Sam Billings blasts ‘ridiculous’ domestic white-ball schedule in England

Sam Billings, who captained Oval Invincibles to victory in the ­Hundred last year and Kent Spitfires to success in the 2021 T20 Blast, has described the domestic white-ball schedule this season as “ridiculous” with the Blast finals day scheduled for 14 ­September, fully 58 days after the last fixture of the group stage.

The entire Hundred, the whole of the Metro Bank One-Day Cup aside from the final, three rounds of County Championship fixtures and four Test matches are due to be played between the last group game of the country’s premier Twenty20 competition and the first of the knockouts.

Asked if he had an opinion on the schedule, Billings said: “Absolutely I have a view. I mean, it’s ridiculous. How do you have a final two months later after a group stage? We talk about getting the best players over in the county season and marketing the county season, it just does not make sense to me.

“That’s not to say it’s not an incre­dibly hard job, but it just doesn’t make sense. You’ve got to have the finals and the knockout stages so everyone can play and get that block done.”

Billings said the complexity of the schedule – as well as a difficult 2023 summer in which he posted a first-class average of only 9.2 – contributed to his decision to sign a white-ball-only contract with Kent last November.

“There’s so much cricket going on,” he said. “Of course as players we benefit hugely, but it can also be detrimental. Ben Stokes has pulled out of a World Cup to manage his workload – we’re seeing examples of it throughout the game now, where there’s just so much cricket that it’s very tough for these multiformat players to persist with that.”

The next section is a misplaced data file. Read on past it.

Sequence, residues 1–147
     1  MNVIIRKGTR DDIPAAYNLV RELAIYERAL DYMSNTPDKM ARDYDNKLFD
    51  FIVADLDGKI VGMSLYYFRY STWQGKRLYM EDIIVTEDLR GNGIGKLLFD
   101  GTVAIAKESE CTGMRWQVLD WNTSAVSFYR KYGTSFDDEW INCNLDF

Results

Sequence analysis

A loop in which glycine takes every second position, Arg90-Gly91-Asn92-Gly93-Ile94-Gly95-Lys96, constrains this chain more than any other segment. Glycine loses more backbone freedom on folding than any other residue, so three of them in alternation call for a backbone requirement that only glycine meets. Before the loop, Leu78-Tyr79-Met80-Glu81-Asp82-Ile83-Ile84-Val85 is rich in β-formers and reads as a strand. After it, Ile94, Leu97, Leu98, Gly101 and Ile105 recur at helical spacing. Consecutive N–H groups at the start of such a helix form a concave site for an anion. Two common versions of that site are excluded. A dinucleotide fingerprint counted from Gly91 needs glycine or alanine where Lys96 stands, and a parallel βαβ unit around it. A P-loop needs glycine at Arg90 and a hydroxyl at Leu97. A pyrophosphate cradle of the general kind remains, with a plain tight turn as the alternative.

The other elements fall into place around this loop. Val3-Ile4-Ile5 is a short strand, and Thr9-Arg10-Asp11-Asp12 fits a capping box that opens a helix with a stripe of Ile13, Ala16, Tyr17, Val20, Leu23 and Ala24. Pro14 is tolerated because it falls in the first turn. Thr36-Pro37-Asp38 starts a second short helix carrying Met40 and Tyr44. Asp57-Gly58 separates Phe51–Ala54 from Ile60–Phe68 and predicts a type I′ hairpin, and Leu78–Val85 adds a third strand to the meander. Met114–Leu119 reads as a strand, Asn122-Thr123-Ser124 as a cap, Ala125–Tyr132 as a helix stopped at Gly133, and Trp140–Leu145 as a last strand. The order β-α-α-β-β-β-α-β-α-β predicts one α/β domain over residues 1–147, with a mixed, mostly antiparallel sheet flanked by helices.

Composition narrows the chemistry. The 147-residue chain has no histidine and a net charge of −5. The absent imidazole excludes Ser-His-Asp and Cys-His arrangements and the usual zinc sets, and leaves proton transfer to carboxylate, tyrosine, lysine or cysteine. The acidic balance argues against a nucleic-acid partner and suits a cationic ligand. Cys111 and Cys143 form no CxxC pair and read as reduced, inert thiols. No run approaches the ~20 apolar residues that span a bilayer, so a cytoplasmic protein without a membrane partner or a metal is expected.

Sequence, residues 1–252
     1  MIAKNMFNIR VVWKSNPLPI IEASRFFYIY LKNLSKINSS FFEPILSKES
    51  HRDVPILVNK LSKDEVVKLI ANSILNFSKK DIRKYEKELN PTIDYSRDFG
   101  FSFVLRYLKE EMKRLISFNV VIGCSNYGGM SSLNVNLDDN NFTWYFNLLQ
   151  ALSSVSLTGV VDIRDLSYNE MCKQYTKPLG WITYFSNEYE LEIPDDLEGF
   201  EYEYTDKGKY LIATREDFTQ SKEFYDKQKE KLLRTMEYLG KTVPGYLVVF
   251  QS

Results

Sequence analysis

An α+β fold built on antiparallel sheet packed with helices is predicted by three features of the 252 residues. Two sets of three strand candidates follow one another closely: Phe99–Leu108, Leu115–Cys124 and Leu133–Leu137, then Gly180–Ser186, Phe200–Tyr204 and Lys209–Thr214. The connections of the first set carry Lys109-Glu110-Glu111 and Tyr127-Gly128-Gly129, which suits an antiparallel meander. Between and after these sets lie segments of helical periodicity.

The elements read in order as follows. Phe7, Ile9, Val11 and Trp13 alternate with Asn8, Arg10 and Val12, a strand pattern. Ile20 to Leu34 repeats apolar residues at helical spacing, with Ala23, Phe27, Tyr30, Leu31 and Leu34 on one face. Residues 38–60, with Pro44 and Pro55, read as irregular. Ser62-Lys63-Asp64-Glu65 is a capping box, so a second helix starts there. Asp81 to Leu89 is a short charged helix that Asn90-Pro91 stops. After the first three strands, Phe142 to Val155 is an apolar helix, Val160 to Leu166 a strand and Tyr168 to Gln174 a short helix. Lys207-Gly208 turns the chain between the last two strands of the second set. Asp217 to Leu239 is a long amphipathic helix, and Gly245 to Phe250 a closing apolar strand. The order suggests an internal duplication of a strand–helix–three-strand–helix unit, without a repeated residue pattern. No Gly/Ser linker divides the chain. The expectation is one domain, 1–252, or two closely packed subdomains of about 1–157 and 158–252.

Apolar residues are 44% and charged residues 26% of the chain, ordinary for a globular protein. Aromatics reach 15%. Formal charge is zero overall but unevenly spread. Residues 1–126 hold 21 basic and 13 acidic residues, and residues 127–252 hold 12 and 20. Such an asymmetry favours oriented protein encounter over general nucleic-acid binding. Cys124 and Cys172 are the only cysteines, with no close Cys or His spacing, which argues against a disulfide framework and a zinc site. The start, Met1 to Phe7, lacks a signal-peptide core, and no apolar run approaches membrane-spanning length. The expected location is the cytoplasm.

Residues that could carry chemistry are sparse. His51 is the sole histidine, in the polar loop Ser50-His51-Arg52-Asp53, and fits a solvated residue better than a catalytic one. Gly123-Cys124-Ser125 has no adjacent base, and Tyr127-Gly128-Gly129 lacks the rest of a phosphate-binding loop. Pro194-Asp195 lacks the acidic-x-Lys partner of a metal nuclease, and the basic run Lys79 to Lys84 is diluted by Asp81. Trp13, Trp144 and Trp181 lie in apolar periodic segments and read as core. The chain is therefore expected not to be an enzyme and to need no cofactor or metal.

In January 2022 Billings memorably embarked on a 500-mile drive from Queensland to Tasmania to make the first of his three Test appearances, but he has now given up on a return to the team. “There’s a lot of very good players in that side, there’s only one wicketkeeper that can play and it’s exhausting always kind of trying, trying, trying without properly breaking through,” he said.

“I wanted assurances and a bit of certainty, which I’m sure people can understand. If I thought I could get in the team it probably would have changed my lens, but something else would have had to be sacrificed. But I’m better at white-ball cricket and I see that as the best route moving forward at the stage of career that I’m at.”

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Over the winter Billings played for the eventual champions of Australia’s Big Bash League, Brisbane Heat, and for Dubai Capitals in the ILT20, where he was a beaten finalist. He turned down the chance to play in the Pakistan Super League, despite winning it in 2023 with Lahore Qalandars, and will have an extended break before Kent’s first T20 fixture on 31 May.

“I’m just very happy with where I’m at the moment,” he said. “I’ve got a four-week-old little girl at home, and I’m really enjoying that part of life. I’m enjoying some time away from the game at the moment and being refreshed, which will be somewhat of a novelty after the last few years.”

The Guardian